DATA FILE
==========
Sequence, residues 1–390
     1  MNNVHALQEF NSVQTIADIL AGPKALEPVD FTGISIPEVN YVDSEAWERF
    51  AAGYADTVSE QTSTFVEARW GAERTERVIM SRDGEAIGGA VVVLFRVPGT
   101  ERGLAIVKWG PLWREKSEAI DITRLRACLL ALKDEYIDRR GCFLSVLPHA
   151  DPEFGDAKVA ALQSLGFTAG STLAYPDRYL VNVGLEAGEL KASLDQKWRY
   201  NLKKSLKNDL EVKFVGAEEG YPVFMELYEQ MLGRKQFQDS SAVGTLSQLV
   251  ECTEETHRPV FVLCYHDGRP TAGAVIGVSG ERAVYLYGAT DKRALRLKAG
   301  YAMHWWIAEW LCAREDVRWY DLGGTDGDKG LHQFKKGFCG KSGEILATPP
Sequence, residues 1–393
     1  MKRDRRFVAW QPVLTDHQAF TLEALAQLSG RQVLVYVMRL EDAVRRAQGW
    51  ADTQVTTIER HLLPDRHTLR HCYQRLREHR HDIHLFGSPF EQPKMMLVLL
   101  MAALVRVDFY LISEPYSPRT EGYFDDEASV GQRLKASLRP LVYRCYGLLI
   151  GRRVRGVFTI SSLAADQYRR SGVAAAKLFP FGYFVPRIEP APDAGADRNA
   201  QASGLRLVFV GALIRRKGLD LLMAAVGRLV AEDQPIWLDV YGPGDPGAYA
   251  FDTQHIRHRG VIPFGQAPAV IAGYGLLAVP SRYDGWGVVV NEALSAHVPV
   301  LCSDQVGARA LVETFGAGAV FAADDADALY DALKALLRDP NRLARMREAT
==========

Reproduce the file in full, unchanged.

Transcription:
Sequence, residues 1–390
     1  MNNVHALQEF NSVQTIADIL AGPKALEPVD FTGISIPEVN YVDSEAWERF
    51  AAGYADTVSE QTSTFVEARW GAERTERVIM SRDGEAIGGA VVVLFRVPGT
   101  ERGLAIVKWG PLWREKSEAI DITRLRACLL ALKDEYIDRR GCFLSVLPHA
   151  DPEFGDAKVA ALQSLGFTAG STLAYPDRYL VNVGLEAGEL KASLDQKWRY
   201  NLKKSLKNDL EVKFVGAEEG YPVFMELYEQ MLGRKQFQDS SAVGTLSQLV
   251  ECTEETHRPV FVLCYHDGRP TAGAVIGVSG ERAVYLYGAT DKRALRLKAG
   301  YAMHWWIAEW LCAREDVRWY DLGGTDGDKG LHQFKKGFCG KSGEILATPP
Sequence, residues 1–393
     1  MKRDRRFVAW QPVLTDHQAF TLEALAQLSG RQVLVYVMRL EDAVRRAQGW
    51  ADTQVTTIER HLLPDRHTLR HCYQRLREHR HDIHLFGSPF EQPKMMLVLL
   101  MAALVRVDFY LISEPYSPRT EGYFDDEASV GQRLKASLRP LVYRCYGLLI
   151  GRRVRGVFTI SSLAADQYRR SGVAAAKLFP FGYFVPRIEP APDAGADRNA
   201  QASGLRLVFV GALIRRKGLD LLMAAVGRLV AEDQPIWLDV YGPGDPGAYA
   251  FDTQHIRHRG VIPFGQAPAV IAGYGLLAVP SRYDGWGVVV NEALSAHVPV
   301  LCSDQVGARA LVETFGAGAV FAADDADALY DALKALLRDP NRLARMREAT